Abbas Milani’s The Shah gives a portrait of Iran’s last monarch, Muhammad Reza Pahlavi, and the impact that his downfall forty years ago continues to have in the Middle East, notably the emboldening of the Islamist movement. Continue reading
The unexpected victory of Alexandria Ocasio-Cortez in the Democratic primary in The Bronx in June caused quite a stir, given her membership of the Democratic Socialists of America and her controversial policy positions. Nonetheless, she has been enthusiastically embraced as “the future” by the chairman of the Democratic National Committee. Events in Britain suggest Democrats might want to exercise some caution here before they go all in. Continue reading
The launching of a limited punitive raid against the Syrian regime of Bashar al Assad for the use of poison gas has brought some attention to the regime’s crimes. The regime’s visible crimes are numerous and devastating.
In addition to using weapons of mass destruction, fighter jets have levelled ancient cities, sieges have starved populations into submission, and improvised explosives like barrel bombs have maimed thousands. These tactics are part of what UN investigators have called a “systematic and widespread attack against [the Syrian] civilian population”.
The UN commission recently noted that what the Assad regime has done amounts to crimes against humanity, including extermination, murder, rape, and torture.
What does not get enough attention is the part of Assad’s criminality that is most difficult to see: that which takes place in the prisons, a vast network of concentration camps where torture and murder is routine. Continue reading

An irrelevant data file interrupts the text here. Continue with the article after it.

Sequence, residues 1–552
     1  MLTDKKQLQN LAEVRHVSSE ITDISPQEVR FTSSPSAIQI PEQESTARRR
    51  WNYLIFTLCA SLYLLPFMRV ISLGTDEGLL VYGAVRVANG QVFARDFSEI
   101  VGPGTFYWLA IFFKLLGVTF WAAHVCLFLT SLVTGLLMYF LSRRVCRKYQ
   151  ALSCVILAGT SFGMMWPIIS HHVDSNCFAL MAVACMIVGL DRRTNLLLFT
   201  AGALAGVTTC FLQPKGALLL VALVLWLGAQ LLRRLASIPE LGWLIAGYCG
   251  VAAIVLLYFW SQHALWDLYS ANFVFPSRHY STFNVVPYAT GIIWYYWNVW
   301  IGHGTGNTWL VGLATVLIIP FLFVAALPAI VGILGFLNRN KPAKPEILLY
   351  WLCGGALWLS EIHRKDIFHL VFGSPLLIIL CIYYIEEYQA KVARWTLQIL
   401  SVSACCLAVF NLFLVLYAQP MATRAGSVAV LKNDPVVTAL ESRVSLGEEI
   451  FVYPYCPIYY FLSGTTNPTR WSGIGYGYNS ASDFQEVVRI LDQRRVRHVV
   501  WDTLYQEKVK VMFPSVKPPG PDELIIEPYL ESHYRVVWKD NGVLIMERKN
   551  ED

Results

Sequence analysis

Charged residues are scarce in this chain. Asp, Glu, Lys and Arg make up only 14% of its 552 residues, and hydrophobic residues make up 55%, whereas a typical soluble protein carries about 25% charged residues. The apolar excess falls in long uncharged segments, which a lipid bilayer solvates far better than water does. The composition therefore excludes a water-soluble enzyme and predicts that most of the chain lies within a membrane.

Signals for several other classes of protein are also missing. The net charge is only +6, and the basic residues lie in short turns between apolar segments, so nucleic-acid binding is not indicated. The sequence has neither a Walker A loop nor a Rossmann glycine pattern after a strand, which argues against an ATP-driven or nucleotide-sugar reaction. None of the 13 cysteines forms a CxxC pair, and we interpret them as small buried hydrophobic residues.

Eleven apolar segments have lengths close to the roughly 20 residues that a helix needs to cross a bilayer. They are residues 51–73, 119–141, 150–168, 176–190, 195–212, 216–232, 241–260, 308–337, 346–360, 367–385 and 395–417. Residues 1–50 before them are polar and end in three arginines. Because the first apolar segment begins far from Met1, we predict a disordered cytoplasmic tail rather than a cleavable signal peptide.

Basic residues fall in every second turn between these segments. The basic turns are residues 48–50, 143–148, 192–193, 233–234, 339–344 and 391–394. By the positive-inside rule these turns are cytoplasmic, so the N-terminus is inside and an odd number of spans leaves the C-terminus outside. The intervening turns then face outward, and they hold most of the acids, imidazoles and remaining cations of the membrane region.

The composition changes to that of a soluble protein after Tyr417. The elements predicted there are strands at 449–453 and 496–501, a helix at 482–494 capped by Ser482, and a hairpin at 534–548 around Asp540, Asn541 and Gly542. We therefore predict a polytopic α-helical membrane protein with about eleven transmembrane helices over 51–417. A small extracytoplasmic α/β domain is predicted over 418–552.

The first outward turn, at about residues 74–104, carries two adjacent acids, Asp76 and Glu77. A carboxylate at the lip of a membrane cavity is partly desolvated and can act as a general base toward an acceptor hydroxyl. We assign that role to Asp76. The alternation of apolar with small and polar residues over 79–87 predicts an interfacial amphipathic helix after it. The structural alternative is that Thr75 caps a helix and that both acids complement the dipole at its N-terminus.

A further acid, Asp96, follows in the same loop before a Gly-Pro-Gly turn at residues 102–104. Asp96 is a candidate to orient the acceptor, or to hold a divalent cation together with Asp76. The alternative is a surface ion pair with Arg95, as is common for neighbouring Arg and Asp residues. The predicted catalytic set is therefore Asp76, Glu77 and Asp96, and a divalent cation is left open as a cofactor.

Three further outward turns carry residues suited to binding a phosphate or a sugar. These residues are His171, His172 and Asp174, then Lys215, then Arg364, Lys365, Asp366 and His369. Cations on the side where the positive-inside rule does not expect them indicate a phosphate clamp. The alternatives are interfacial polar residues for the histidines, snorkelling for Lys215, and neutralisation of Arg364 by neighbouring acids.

Two days ago, The Wall Street Journal reported that President Donald Trump has been exploring plans to replace American troops in the areas of Syria held by the Coalition partner force, the “Syrian Democratic Forces” (SDF), with troops from the Arab states. The problems with this proposal, even in the rudimentary form it is presented, are manifold. It also feeds into the broader problem of Trump’s inconsistent messaging about Syria—or, more precisely, his failed efforts to balance domestic messaging, which calls for what was once referred to as “nation building … at home”, and his foreign messaging that needs to emphasise U.S. constancy to see through the mission to defeat the Islamic State (IS) by, among other things, stabilising and reconstructing Syria. Continue reading
The Islamic State responded to President Donald Trump’s announcement, on 6 December 2017, that the United States would move its Embassy in Israel from Tel Aviv and Jerusalem, with an editorial on page 3 of the 109th edition of Al-Naba on 8 December 2017. Below is a very rough translation. Continue reading
The decision by Saudi Arabia, the United Arab Emirates, Bahrain, and Egypt to impose a boycott on Qatar this summer was an out-of-character development for the Gulf, where all too much politics is conducted behind closed doors between the ruling families and elites. To go public, the schism between Qatar and the so-called Quartet must have been very serious.
It was the end-point of a dispute that began in the 1990s about Qatar’s foreign policy, which at that point became independent of the Saudi-led Gulf Cooperation Council (GCC), and indeed actively competitive with Saudi interests. Doha wanted to alter the Saudi-oriented status quo and did so by empowering groups—almost invariably Islamists—in its cause. Those Islamists not only had agendas running counter to the other Gulf states’ conception of regional order, but which the Quartet regarded as threatening to their internal security. Continue reading